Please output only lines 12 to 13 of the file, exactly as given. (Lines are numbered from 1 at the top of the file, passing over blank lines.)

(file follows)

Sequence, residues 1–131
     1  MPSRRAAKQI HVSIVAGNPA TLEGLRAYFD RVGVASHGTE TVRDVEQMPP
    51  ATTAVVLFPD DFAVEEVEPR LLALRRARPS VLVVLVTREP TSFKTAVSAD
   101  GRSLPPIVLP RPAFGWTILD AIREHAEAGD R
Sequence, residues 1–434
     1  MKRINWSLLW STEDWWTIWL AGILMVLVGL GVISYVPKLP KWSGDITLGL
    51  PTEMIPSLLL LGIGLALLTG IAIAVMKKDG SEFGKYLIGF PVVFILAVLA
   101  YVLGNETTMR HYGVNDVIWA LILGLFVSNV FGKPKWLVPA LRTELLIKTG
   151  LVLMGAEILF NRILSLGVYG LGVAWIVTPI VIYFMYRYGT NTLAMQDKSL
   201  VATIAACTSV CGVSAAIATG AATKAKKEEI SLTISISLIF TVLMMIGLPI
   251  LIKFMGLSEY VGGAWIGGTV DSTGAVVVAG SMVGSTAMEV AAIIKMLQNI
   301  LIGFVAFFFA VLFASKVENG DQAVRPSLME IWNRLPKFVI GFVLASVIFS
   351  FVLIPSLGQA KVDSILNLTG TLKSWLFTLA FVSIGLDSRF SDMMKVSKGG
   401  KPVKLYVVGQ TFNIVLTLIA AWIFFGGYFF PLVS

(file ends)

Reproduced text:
   301  LIGFVAFFFA VLFASKVENG DQAVRPSLME IWNRLPKFVI GFVLASVIFS
   351  FVLIPSLGQA KVDSILNLTG TLKSWLFTLA FVSIGLDSRF SDMMKVSKGG